In the last newsletter, Jennifer Cook reported on the work of the Recreational Forum. Since then, the Partnership has published their Annual Report and the results of the Landowners Survey.
The Partnership, funded by the Scottish executive, has an important role in effectively preparing for the proposed National Park. It is charged with preparing and implementing an integrated management strategy for the Cairngorms area. Like many modern institutions, it is an enabling mechanism and doesn’t undertake any work itself, but coordinates and funds others, typically the Partners. An important role is to publicise this work and the achievements of the partners.
CAIRNGORMS PARTNERSHIP 2000 – 2001 ANNUAL REPORT
The Annual Report itself documents, in some detail, what the Partnership achieved in 2000 –2001. Repeating the long list of achievements here would do little other than help any insomniacs. However, some more interesting snippets are listed below:-
- work to support repair and management of the area’s hill paths, including the work of the Upper Deeside Access Trust, reported in more detail later in this newsletter,
- efforts to provide a free waste collection service to local farmers and the use of landfill tax credits to organise the removal of tyres and scrap metal from farms in Tomintoul and Glenlivet,
- contributions to ongoing initiatives to further develop tourism,
- contributions to local community groups,
- work on capacity building with community councils, including a visit to the Brecon Beacons National park in Wales, and youth
groups to equip them to take an active role in plans for the coming National Park.
Areas where the Partnership didn’t fully meet its objectives include:-
- developing a five year pan-Cairngorms funding package for upland footpath repair,
- setting up a Cairngorms forum to coordinate woodlands initiatives (individual woodland initiatives are being progressed separately),
- work on moorland management setting up a demonstration site and applying for funding for a large moorland management project,
- development of a strategic vision for local ranger services.
The above is just a summary and gives disproportionate profile to areas where the objectives weren’t met as the much
shorter list is revealing about where future problems lie. People wishing to learn more about the Partnership’s work should
get a copy of their annual report.
2ND SURVEY OF LANDOWNERS IN CAIRNGORMS PARTNERSHIP AREA
The landowners survey is the second in the series, building on the 1998 – 99 survey. This year, about 45% of the
landowners replied, up from 41% in the previous survey. Although, the larger owners tend to have a better response rate, resulting
in the survey covering 70% of the land area.
The survey is important because landowners are responsible for the management of most of the land in the Partnership area
outside the towns and villages. They need to manage their holdings on a commercial basis. Even mass-movement bodies, such
as the National Trust for Scotland manage their land on a commercial basis, even if at times subsidised. These commercial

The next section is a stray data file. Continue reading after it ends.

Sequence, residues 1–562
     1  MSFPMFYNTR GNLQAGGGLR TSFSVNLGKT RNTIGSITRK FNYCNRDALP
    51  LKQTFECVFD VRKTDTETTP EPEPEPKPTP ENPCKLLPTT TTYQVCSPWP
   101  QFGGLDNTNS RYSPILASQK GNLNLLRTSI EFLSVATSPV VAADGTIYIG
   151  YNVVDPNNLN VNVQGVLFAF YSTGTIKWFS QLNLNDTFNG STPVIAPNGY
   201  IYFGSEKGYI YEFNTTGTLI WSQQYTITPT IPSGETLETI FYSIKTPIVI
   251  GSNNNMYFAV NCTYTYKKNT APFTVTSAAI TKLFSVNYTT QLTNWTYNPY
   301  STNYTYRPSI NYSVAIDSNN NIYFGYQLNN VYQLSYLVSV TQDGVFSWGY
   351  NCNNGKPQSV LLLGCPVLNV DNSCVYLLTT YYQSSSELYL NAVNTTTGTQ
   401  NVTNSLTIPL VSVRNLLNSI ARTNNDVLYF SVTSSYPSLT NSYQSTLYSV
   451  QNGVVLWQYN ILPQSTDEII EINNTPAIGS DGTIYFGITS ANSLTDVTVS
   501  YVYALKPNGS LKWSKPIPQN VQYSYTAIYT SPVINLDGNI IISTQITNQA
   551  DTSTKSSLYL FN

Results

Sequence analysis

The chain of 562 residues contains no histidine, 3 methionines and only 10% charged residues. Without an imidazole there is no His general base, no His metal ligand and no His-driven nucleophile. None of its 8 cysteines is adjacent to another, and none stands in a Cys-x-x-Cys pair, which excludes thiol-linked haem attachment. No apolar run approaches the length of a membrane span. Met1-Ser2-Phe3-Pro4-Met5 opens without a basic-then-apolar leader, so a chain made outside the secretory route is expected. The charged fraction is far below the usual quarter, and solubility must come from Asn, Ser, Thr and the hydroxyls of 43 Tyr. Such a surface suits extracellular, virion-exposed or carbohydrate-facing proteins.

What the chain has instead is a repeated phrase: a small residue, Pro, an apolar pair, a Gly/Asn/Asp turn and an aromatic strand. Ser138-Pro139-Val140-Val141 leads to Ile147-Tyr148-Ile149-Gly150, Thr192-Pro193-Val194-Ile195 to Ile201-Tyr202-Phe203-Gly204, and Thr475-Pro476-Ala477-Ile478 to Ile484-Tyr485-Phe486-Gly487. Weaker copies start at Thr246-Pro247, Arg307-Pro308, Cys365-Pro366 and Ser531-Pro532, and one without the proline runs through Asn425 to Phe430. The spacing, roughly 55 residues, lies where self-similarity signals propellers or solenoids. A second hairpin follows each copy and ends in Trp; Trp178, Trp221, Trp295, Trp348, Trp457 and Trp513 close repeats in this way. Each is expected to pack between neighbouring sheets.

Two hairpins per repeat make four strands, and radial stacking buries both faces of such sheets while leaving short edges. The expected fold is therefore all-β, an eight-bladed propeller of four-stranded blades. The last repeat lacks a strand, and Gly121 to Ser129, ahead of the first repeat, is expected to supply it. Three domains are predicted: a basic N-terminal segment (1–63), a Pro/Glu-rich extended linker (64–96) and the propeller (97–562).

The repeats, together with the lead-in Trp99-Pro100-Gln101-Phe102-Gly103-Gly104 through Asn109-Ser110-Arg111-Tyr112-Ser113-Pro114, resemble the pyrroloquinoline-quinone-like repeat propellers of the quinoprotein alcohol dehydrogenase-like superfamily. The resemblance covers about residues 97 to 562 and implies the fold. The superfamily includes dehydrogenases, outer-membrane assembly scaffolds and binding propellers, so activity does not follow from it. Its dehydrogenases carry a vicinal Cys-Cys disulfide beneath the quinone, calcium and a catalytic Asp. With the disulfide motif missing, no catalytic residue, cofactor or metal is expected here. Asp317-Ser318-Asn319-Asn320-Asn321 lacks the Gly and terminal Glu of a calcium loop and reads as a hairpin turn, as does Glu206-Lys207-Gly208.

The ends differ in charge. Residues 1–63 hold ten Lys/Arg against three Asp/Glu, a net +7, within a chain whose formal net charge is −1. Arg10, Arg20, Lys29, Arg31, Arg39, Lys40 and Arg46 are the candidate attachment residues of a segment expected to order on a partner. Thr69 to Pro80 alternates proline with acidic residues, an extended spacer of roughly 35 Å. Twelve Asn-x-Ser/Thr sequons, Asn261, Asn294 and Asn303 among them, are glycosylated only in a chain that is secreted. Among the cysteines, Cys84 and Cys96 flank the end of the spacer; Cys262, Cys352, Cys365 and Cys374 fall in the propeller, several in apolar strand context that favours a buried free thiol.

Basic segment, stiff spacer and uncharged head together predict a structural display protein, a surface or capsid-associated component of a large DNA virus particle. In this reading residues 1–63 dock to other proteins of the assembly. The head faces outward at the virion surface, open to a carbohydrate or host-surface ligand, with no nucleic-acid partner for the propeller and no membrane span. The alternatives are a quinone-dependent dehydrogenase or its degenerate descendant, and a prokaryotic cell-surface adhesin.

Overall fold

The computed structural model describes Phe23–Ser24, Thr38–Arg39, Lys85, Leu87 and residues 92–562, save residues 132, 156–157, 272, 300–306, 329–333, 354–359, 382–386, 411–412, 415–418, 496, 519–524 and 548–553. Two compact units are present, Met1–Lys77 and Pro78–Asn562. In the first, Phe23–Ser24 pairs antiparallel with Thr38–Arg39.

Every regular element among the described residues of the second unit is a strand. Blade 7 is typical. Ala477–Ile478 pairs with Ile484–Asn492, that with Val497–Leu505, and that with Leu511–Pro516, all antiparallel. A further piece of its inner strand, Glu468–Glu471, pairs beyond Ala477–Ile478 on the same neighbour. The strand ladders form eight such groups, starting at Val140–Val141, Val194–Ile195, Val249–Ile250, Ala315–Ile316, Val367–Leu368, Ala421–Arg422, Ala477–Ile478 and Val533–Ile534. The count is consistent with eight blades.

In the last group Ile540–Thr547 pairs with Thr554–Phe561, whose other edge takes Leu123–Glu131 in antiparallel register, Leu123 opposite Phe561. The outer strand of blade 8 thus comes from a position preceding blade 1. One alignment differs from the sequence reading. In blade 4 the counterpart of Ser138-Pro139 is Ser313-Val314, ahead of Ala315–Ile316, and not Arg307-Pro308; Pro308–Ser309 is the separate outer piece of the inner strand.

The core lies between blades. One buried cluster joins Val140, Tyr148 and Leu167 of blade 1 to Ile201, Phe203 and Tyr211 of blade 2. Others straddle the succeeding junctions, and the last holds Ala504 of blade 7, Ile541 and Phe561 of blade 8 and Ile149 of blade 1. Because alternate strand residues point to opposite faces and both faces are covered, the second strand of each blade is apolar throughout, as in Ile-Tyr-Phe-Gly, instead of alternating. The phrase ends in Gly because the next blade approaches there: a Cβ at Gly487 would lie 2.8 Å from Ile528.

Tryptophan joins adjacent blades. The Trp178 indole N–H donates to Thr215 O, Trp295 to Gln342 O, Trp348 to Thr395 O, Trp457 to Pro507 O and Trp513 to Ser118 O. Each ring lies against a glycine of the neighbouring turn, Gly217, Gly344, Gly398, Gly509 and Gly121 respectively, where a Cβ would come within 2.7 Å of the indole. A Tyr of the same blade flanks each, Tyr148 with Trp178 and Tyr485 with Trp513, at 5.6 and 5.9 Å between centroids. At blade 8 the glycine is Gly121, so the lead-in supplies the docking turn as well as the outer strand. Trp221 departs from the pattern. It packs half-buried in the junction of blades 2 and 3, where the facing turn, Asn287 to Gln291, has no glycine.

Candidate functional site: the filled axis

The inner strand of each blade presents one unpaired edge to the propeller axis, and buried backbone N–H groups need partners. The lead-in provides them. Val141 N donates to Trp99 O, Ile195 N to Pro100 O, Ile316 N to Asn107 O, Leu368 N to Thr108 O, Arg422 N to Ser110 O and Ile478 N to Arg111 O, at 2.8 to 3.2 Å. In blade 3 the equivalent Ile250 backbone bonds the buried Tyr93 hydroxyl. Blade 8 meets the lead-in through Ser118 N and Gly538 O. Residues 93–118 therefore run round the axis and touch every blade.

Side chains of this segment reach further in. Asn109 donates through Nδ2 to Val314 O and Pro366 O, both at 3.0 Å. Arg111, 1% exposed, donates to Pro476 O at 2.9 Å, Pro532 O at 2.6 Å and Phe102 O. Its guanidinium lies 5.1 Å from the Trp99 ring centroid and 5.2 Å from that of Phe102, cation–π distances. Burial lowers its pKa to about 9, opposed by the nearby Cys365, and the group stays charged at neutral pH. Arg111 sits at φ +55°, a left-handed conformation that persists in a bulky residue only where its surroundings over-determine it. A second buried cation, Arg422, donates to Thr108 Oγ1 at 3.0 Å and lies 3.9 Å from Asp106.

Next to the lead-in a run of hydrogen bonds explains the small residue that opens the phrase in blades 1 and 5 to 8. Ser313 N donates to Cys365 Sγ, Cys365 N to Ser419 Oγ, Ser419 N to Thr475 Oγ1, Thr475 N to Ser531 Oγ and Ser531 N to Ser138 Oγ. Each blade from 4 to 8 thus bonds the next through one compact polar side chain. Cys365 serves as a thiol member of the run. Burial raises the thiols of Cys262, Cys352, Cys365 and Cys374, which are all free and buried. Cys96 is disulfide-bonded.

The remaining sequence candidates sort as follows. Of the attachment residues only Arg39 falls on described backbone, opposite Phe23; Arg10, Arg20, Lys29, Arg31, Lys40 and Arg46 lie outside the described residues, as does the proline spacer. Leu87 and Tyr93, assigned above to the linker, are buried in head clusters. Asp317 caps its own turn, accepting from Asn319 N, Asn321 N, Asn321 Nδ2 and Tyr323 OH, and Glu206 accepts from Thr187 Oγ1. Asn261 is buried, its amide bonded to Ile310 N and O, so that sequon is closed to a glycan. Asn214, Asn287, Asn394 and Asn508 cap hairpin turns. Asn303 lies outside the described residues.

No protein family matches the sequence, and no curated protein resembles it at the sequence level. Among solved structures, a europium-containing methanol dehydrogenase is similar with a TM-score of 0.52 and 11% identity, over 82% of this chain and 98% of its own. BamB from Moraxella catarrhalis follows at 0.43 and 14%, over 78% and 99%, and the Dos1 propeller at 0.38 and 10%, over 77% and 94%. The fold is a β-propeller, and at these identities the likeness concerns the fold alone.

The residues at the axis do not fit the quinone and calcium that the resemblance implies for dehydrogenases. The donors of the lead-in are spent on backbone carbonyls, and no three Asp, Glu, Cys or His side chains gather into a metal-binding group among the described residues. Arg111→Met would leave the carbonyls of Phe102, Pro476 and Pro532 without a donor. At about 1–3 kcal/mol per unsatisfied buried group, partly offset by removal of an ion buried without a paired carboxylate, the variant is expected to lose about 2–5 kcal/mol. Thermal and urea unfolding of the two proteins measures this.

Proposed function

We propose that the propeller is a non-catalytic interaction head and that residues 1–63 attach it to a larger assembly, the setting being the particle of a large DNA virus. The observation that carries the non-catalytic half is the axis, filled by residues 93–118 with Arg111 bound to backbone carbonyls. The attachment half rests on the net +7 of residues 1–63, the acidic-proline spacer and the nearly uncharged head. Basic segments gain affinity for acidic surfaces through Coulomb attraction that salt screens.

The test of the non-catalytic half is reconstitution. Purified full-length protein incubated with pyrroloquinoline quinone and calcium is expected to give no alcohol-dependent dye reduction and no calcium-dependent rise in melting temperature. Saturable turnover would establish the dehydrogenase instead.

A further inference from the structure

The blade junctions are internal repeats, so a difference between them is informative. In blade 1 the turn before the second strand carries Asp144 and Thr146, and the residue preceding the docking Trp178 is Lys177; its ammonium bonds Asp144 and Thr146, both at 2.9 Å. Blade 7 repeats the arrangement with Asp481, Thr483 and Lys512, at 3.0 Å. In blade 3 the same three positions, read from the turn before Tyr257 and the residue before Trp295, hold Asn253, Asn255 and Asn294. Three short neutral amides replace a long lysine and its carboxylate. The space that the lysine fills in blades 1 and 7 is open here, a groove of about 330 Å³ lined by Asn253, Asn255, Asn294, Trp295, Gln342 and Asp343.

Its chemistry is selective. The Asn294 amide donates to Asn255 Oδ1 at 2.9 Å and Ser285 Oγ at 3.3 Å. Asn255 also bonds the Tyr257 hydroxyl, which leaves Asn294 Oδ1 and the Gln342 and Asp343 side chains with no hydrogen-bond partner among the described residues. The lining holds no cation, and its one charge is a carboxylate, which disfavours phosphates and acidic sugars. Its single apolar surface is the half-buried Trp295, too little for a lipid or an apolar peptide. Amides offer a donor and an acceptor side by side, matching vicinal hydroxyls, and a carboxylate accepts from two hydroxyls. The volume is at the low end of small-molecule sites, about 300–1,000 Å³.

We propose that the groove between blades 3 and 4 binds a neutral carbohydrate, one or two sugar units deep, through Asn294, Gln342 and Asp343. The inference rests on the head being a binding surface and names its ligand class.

activities form a fundamental ingredient of the economic health of the area.
The survey has a wealth of data, which is difficult to summarise. Some key findings are listed below:-
- Timber production was up 24%, but interest in new woodland projects was down reflecting the continued depressed state of the
- Activity on field sports stayed broadly constant. Between them, 59 estates employed the equivalent of 249 full time people
last year. 20,715 Brace of grouse were bagged and at least 11,460 deer were culled.
- Expenditure on agriculture was down with a similar decrease in the level of subsidies received, possibly reflecting the
depressed state of the agricultural economy.
- 46 landowners welcomed visitors with limited restrictions on access for management purposes, 27 landowners welcomed visitors
but asked them to keep to designated paths on open ground and 1 landowner stated that visitors were not welcome on open ground
(wonder who that is?!? – probably needs a visit!!!)
- This group of landowners rented out over 1,000 full-time homes, half of them favouring a policy of local need when allocating housing.
- The group spent a total of £22,880,194 on managing all aspects of their business, using 542 local contracting firms.
- The majority of landowners were less optimistic about the future of the woodland, agriculture and tourism sectors but more
optimistic about the field sports and business administration sectors.
The results are difficult to interpret as it’s difficult to compare the relative value of activities and businesses not
connected with the landowners. These survey results would indicate that timber and field sports make up a very significant
part of the area economy. The true impact of tourism is almost certainly more due to the contribution from people unconnected
with the landowners. Maybe this should form part of a future survey? As noted above, the detailed information can be obtained
from the Cairngorms Partnership.
More information on National Park matters, plus both of the above Reports are available on the Partnership website, www.cairngorms.co.uk.
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